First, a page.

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Natural Process of Osmosis Has Potential to Generate Electricity

Research published earlier this month in the journal Nature and highlighted in Newsweek explains how substantial amounts of power can be generated when fresh water river mouths flow into bodies of sea water. This natural phenomenon of osmosis involves fresh water coming into contact with sea water through a membrane. The potential of harnessing the process of osmosis is significant: researchers estimate that a 1m2 membrane could produce enough electricity to power 50,000 standard energy-saving light bulbs! To learn more about this breakthrough research, read on.

Osmosis is seen as a promising source of renewable energy. Unlike solar panels or wind turbines that require sufficient amounts of sunlight and wind respectively, energy produced from osmosis can occur at any time in a day. Researchers are exploring ways to harness the process of osmosis, which involves capturing the electrical charge of salt ions that travel through the membrane to balance concentrations in fresh water and sea water.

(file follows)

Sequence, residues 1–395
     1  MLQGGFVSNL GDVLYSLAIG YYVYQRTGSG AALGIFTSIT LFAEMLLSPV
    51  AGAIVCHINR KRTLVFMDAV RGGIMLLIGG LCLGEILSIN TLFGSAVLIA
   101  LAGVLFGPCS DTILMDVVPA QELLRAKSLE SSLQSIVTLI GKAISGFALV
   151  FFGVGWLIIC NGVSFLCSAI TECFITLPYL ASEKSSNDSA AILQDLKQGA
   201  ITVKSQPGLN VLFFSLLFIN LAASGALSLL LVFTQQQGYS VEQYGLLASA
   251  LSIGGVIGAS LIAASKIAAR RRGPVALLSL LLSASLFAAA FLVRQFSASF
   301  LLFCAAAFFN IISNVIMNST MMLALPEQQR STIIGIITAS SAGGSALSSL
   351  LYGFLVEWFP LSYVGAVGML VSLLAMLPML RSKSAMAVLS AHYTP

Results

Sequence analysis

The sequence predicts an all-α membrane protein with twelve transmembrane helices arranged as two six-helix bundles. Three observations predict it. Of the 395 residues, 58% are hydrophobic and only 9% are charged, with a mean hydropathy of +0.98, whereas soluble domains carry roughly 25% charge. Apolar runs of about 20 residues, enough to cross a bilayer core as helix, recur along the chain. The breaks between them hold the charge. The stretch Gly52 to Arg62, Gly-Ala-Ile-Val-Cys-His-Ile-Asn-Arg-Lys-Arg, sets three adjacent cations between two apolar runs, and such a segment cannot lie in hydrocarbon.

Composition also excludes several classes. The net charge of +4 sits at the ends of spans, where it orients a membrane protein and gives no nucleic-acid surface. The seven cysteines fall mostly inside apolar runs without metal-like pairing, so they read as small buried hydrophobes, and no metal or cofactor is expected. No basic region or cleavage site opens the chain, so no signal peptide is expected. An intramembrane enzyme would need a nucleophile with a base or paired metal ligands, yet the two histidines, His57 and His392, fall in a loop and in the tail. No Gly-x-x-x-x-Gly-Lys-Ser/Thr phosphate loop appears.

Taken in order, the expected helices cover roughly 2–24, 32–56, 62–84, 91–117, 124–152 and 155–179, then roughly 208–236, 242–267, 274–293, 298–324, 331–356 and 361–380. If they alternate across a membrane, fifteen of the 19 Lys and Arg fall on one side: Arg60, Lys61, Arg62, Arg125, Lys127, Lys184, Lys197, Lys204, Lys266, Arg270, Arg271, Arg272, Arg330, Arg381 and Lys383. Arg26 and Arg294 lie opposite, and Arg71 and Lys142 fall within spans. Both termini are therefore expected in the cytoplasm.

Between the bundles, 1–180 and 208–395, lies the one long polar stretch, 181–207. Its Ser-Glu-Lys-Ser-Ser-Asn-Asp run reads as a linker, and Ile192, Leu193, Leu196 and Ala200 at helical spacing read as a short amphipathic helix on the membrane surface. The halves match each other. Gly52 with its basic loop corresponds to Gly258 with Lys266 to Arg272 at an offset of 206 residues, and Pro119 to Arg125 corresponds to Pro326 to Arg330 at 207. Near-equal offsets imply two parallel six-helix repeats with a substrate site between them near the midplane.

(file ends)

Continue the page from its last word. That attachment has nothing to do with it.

“We had to first fabricate and then investigate the optimal size of the nanopore…if it’s too big, negative ions can pass through and the resulting voltage would be too low. If it’s too small, not enough ions can pass through and the current would be weak,” said Jiandong Feng, the lead author of the research and a researcher at the Laboratory of Nanoscale Biology of École Polytechnique Fédérale de Lausanne (EPFL). EPFL is a research institute and university located in Switzerland that specializes in engineering and physical sciences. Pilot projects such as these have taken place in Europe, Japan, and the U.S. to determine the optimal size of the nanopore.


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Thomas R. Burton, III

Member / Chair, Energy & Sustainability Practice

Tom Burton has helped to shape the clean energy industry by drawing on his passion for innovation. As a Mintz attorney, Tom counsels investors, entrepreneurs, and Fortune 100 companies. He also guides start-up organizations and accelerators to foster the next generation of energy leaders.